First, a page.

By Steven Reinberg
WEDNESDAY, Aug. 31, 2016 (HealthDay News) -- As perceptions of marijuana change, more American adults are using pot than ever before, and they're using it more often, a new study finds.
Over 13 percent of adults surveyed in 2014 said they'd used marijuana in the previous year, up from roughly 10 percent in 2002.
Also, daily or near daily use -- five days or more a week -- rose from less than 2 percent to almost 4 percent of adults during that time period.
"This increase has corresponded with the legal and social acceptance of marijuana, and so it is not such a surprise," said lead study author Dr. Wilson Compton, deputy director of the U.S. National Institute on Drug Abuse.
He pointed out that over the past 20 years, medical marijuana has been legalized in 25 states and the District of Columbia.
However, noting that marijuana's potency has increased, Compton's team said education about the harms of pot is essential.
"We need to think about how to do appropriate prevention messaging to make sure people aren't putting themselves at risk for becoming dependent and other problems associated with the drug," he said.
These harms could include "difficulty with their work performance and with their ability to think clearly and function," Compton said.
For the report -- published Aug. 31 in The Lancet Psychiatry -- researchers surveyed nearly 600,000 adults from 2002 to 2014.
Based on the findings, the researchers estimated that the overall number of marijuana users increased from 22 million to 32 million during that period, with first-time marijuana users jumping from more than 800,000 to 1.4 million.
Daily users numbered more than 8 million in 2014 -- more than twice as many as in 2002, the study authors determined.
Greater pot use was associated with a drop in the percentage of people who associate smoking marijuana with harm. Where just one-third of Americans once considered marijuana safe, now half do, according to the report.
Despite greater usage, rates of marijuana abuse or dependence held steady in the general population at about 1.5 percent from 2002 to 2014. But among pot users only, the rate of marijuana abuse or dependence dropped from 15 percent to 11 percent, the researchers found.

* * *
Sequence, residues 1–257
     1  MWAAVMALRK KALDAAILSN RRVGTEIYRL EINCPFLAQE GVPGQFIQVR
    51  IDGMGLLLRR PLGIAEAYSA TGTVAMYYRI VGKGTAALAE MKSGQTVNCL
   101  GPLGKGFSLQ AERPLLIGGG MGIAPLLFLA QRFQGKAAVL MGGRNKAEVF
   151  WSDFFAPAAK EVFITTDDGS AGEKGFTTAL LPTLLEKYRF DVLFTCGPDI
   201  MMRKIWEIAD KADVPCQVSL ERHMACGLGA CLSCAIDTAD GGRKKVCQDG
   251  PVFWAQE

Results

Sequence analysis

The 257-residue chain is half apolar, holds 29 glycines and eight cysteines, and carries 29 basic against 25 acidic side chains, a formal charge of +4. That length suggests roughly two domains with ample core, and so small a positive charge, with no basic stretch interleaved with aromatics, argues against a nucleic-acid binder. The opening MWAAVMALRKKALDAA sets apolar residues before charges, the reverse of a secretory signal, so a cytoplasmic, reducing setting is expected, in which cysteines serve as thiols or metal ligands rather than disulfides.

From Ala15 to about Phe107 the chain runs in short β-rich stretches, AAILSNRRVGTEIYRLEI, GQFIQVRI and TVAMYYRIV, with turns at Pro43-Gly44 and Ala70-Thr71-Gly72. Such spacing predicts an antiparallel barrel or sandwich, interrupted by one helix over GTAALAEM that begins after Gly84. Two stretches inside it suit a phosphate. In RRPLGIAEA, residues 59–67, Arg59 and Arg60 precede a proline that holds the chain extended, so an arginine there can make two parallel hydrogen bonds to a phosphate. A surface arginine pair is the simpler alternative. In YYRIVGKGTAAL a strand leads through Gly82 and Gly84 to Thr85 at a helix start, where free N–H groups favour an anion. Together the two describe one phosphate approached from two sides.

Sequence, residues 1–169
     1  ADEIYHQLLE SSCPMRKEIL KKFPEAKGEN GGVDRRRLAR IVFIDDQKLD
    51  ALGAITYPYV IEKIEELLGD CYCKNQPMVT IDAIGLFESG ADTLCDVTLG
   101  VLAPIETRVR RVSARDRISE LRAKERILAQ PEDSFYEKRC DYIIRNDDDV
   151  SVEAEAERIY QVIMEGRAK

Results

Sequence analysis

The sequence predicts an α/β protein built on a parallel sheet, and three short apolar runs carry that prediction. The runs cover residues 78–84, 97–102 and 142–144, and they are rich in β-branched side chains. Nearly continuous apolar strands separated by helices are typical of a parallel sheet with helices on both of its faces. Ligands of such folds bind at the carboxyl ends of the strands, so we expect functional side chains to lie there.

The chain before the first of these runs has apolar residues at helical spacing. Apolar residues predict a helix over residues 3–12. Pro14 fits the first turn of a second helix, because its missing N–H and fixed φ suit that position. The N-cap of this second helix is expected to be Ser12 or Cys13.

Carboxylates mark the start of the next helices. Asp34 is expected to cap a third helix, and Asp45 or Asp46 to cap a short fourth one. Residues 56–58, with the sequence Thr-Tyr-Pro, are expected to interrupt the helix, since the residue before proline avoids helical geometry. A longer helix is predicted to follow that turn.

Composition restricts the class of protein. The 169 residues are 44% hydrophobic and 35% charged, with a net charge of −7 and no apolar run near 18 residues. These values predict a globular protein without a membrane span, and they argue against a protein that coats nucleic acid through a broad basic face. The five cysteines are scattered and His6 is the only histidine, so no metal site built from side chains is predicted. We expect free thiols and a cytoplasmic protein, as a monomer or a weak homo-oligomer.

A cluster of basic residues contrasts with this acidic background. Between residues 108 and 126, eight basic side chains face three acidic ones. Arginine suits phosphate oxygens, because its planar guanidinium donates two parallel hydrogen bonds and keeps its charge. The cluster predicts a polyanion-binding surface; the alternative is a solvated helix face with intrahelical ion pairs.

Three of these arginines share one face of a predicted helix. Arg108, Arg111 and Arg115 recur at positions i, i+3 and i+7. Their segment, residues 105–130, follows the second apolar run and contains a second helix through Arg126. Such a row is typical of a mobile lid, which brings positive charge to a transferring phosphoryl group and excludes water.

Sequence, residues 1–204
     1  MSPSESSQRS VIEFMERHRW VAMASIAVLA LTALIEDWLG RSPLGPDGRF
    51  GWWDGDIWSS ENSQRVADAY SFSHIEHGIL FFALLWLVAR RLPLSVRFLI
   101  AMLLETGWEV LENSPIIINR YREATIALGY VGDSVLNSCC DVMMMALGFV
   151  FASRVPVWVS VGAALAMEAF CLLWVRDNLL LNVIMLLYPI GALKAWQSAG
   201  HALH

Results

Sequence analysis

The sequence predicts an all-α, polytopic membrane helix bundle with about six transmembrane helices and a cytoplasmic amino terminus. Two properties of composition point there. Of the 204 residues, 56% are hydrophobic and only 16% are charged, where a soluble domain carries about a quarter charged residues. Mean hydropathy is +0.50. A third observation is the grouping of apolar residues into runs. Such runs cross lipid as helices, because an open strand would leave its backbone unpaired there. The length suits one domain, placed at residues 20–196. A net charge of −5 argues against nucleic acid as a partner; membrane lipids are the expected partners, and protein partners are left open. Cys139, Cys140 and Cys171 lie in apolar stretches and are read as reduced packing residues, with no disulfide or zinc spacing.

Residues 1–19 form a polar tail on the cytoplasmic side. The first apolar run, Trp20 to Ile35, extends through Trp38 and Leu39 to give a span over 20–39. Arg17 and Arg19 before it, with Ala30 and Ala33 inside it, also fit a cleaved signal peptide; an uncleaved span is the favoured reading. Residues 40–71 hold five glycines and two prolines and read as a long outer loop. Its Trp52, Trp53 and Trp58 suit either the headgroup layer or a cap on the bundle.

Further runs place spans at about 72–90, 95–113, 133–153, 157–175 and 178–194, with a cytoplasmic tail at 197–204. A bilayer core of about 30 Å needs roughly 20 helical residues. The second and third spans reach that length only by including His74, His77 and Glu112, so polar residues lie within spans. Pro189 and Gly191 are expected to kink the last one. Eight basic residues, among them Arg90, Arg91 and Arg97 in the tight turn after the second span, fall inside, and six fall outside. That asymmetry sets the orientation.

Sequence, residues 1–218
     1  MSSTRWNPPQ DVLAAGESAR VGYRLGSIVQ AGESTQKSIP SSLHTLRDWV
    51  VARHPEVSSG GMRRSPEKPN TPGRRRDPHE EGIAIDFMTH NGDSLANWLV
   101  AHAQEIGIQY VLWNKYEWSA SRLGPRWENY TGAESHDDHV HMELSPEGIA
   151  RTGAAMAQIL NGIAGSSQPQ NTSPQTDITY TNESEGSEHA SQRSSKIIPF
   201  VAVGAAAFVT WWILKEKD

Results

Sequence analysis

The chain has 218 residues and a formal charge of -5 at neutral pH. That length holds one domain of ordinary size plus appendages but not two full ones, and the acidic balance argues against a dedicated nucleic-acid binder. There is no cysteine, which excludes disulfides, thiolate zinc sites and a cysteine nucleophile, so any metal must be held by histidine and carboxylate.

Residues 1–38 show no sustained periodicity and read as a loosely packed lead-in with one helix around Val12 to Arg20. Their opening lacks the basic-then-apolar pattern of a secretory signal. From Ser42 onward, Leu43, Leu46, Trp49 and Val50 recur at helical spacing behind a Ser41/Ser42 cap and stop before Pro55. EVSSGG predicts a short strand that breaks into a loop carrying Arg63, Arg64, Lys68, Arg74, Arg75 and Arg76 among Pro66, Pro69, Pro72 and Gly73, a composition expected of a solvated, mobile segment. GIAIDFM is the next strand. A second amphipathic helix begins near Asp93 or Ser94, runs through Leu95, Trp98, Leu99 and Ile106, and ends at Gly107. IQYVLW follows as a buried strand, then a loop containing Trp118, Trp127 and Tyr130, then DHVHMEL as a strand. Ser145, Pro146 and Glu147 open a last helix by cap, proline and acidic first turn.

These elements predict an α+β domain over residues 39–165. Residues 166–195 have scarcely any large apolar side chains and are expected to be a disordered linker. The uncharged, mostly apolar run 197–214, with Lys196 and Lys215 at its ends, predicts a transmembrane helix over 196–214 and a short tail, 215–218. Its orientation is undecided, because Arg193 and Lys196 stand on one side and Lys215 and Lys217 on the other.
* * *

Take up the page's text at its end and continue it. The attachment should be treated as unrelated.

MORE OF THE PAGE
Wayne Hall is director of the Centre for Youth Substance Abuse Research at the University of Queensland in Australia. "Over the period in which medical marijuana was legalized in the U.S., adult use of marijuana increased but the proportion of problem users did not," he said.
The reasons for this are unclear, said Hall, co-author of an accompanying journal editorial. They may reflect changes in the characteristics of U.S. marijuana users, he said.
"Namely, there are fewer users among young adults who are more likely to develop problems with use, and perhaps more older people are returning to infrequent use now that is legal, thereby reducing the proportion of all users who report problems," Hall said.
It's too early to tell if these trends will continue, Hall said.
"We need to monitor marijuana use over the next decade or so to see what effect the legalization of adult marijuana use has on rates of use and rates of problem use," he said.
Those more likely to develop dependence on marijuana are male, are younger, have low education levels, are not working full-time, have depression and use tobacco or other substances, according to the report.
One expert believes that legalizing marijuana but controlling its use is the best way to prevent misuse.
"A pragmatic regulatory framework that allows for the legal, licensed, commercial production and retail sale of cannabis to adults, but restricts and discourages its use among young people, best reduces the risks associated with the plant's use or abuse," said Paul Armentano, deputy director of the marijuana advocacy group NORML.